By Kiana Wilburg
Since 2015, much of the attention has been on the deep water exploration and subsequent discoveries by ExxonMobil. But the spotlight certainly has to be shared with the exploration potential Guyana’s shallow water now holds for prospective oil majors says Geologist, Anthony Paul.
During an interview with Kaieteur News, the Trinidadian said that his comment comes on the heels of recent oil discoveries made at the Jethro-1 and Joe-1 exploration wells on the Orinduik Block by Tullow Oil.
The Geologist explained that in a petroleum system, you need four things to find oil. He explained that one needs a source rock, which is rich in organic matter and has been buried deep in the earth, under the right conditions for it to have been heated under pressure for a long time to convert the organic matter into oil and/or natural gas.
Paul then said that a reservoir rock would be needed. He explained that this rock has pore spaces between the mineral grains that make up the body of the rock, into which spaces the oil goes, displacing water that would have been trapped when the rock was formed.
For the oil to move from the source rock to the reservoir rock, the Geologist said that there needs to be a “migration path,” such as a fault or a permeable rock, connecting the source and reservoir.
Paul added, “Then finally, you need a seal that traps the oil within the reservoir rock, preventing it from leaking out via another migration path. These elements have to be in place with the right relative timing for all conditions to be favourable. But what Tullow is finding is that the oil has found a migration path from the deeper parts of the Guyana basin, to the shallow parts, into the much younger Tertiary age reservoirs.”
Paul explained that Tertiary aged rocks are much younger than those of Cretaceous age. He highlighted that the reservoir rocks that ExxonMobil made most of its discoveries on are Cretaceous. Paul noted however that Exxon has also found Tertiary reservoirs, but all their discoveries for those have been in deep waters.
The Orinduik discoveries Paul noted, are of younger Tertiary age rocks and in shallower waters. The Geologist said that these discoveries have proven that there are migration pathways from the older Cretaceous source rocks to the younger Tertiary rocks and from deep water to shallower waters (Jethro and Joe). He said, “It therefore raises the question of whether there are other shallow water discoveries to be made.”
Further to this, the Trinidadian explained that shallow water exploration and oil production means cheaper costs. Citing drilling as an example, Paul noted that the rigs used for deep-water exploration are very expensive when compared to what is needed for shallow water. He said that deep-water rigs are very expensive since they are very specialised. Similarly, production systems are much cheaper, with the use of fixed platforms, rather than Floating Production, Storage and Offloading facilities (FPSOs) and associated, expensive sub-sea completion wells.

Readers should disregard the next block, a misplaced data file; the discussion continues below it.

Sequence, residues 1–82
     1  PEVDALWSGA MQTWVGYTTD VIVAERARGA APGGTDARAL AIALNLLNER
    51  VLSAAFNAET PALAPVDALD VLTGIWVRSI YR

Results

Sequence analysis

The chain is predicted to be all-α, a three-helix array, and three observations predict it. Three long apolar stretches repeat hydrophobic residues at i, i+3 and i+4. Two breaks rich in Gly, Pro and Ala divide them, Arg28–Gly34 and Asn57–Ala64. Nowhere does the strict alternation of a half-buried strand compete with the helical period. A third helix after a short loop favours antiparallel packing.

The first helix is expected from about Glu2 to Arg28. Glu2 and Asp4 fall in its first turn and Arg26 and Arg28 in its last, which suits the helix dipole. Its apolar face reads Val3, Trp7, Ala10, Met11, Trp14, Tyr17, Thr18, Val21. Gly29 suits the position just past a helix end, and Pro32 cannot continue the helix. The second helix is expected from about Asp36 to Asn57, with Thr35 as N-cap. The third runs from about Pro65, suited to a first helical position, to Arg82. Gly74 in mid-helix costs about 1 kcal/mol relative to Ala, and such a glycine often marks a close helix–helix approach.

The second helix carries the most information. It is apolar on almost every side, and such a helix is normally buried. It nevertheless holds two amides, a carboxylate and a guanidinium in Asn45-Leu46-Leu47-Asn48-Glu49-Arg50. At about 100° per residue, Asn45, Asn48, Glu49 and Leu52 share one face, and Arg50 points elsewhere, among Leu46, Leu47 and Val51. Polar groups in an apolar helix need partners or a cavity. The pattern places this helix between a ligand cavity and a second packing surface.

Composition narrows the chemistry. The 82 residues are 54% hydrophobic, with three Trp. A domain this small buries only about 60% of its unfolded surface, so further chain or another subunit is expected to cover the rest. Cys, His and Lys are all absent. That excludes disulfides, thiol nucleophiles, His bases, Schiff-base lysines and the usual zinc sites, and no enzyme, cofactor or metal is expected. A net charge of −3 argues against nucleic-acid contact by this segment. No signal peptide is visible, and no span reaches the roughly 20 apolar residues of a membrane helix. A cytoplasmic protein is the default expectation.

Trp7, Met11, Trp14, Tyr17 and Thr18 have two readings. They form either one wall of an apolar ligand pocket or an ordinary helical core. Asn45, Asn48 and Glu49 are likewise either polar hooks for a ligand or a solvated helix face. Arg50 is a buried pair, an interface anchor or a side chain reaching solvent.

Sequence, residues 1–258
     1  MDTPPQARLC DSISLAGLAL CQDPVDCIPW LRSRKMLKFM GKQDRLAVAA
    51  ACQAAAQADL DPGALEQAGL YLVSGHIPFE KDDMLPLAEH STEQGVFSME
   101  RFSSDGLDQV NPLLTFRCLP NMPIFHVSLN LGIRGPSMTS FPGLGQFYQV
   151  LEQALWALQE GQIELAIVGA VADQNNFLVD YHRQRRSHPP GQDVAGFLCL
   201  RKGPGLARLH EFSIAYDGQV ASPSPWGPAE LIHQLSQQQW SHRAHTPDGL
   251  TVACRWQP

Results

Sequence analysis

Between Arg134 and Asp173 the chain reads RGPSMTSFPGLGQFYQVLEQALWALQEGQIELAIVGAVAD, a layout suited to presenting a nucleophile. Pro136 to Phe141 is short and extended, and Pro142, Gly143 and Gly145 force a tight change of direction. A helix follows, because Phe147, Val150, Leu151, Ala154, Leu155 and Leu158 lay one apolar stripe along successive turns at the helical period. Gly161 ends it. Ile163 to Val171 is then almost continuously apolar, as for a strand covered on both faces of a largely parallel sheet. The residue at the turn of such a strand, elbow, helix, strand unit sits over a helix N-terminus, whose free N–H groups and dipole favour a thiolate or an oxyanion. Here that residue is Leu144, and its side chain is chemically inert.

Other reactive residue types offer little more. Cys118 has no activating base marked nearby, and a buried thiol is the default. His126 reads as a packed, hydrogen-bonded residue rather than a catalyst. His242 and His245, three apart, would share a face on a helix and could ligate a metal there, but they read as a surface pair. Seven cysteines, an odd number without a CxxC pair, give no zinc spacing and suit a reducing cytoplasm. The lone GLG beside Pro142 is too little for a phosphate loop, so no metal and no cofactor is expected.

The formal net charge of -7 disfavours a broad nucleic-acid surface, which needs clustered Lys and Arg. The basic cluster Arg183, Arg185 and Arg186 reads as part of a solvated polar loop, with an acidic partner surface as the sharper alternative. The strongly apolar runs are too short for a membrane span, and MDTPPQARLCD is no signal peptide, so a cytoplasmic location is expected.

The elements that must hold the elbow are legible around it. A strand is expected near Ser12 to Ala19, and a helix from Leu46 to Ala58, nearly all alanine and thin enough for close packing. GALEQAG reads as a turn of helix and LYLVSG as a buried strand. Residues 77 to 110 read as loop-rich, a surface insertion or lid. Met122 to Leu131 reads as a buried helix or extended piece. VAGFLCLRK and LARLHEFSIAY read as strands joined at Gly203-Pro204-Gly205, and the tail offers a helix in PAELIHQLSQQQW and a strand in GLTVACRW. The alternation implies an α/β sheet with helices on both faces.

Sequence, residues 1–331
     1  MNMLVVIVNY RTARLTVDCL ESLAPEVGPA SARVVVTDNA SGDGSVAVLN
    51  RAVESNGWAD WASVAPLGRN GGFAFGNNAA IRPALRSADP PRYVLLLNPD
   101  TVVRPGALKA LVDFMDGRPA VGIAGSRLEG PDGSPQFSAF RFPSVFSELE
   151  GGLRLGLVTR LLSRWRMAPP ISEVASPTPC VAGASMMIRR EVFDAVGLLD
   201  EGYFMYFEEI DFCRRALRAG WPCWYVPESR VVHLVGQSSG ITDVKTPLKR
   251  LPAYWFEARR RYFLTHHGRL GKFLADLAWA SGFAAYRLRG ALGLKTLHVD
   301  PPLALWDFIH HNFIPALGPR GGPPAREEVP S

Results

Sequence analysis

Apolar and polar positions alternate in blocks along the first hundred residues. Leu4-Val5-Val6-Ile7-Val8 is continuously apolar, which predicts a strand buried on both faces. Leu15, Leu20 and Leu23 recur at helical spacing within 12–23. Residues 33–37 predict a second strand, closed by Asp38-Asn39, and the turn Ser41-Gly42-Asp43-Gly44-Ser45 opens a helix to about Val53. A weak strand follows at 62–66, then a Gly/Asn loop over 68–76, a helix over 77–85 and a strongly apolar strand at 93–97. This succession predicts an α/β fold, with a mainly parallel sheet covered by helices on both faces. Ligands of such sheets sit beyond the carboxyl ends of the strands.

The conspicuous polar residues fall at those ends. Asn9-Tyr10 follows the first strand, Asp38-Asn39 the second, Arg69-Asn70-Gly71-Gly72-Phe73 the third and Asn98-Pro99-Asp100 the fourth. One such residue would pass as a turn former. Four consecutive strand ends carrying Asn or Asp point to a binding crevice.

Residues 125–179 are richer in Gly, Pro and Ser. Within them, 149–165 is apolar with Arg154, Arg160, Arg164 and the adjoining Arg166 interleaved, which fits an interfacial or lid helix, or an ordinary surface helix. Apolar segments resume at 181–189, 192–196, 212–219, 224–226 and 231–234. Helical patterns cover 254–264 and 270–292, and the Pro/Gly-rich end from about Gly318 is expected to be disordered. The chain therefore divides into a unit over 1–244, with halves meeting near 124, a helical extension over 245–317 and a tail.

Further to this, the geologist said that a deep-water rig cannot be anchored on the sea floor, as such; it requires a very specialised, computer-controlled system of multiple thrusters, pushing in different directions, with variable force, to maintain position. He explained that this is the case with other vessels that are needed for deep-water projects such as Floating Production Storage and Operating (FPSO) vessels.
Paul said, “They have motors that are dynamically positioned and the thrust changes depending on the current and it is computer driven. So you can imagine that it is very expensive to keep it stationary but if you are in shallow water you can anchor these things to the ground with cables or by driving piles into the sea floor. It is much cheaper to do. So the beauty about shallow water is that it is cheaper to produce and the time for production is significantly reduced.”
In addition, since these are more common activities, Paul pointed out that more of the engineering, fabrication and operations support work can be provided from within Guyana and by Guyanese, thereby increasing the level of local content.
The Geologist added, “While shallow water exploration has the advantage of being cheaper to produce, deep water has the advantage of more productive reservoirs, which tend to be larger, cleaner and less broken up into small compartments, each of which holds more oil and can be produced with fewer wells. You get a higher yield per well.”
ORINDUIK JV PARTNERS
In January 2016, Eco signed a Petroleum Agreement and is party to a Petroleum Licence with the Government of Guyana and Tullow Oil for the Orinduik Block offshore Guyana.
Tullow Oil, as the Operator of the Block, paid past costs and carried Eco for the first 1000km2 of the 2550km2 3D Survey. Further, Tullow contributed an extensive 2D seismic data set and interpretation.
The Company’s 2550 km2 3D seismic survey was completed in September 2017, well within the initial four-year work commitment the Company made for the initial 1000km2.
In September 2017, Eco announced that its subsidiary, Eco Atlantic (Guyana) Inc. entered into an option agreement on its Orinduik Block with Total, a wholly owned subsidiary of Total S.A. Pursuant to the option.
Total paid an option fee of US$1 million to farm-in to the Orinduik Block. An additional payment of US$12,500,000 was made when Total exercised its option to earn 25 percent of Eco’s working interest in September 2018.
Following the exercise of the option by Total, the Block’s working interests became: Tullow – 60% (Operator), Total – 25% and Eco – 15%. In October 2018, the Government approved of the Total farm-in on the Orinduik Block, which has the potential for almost three billion barrels of oil equivalent.
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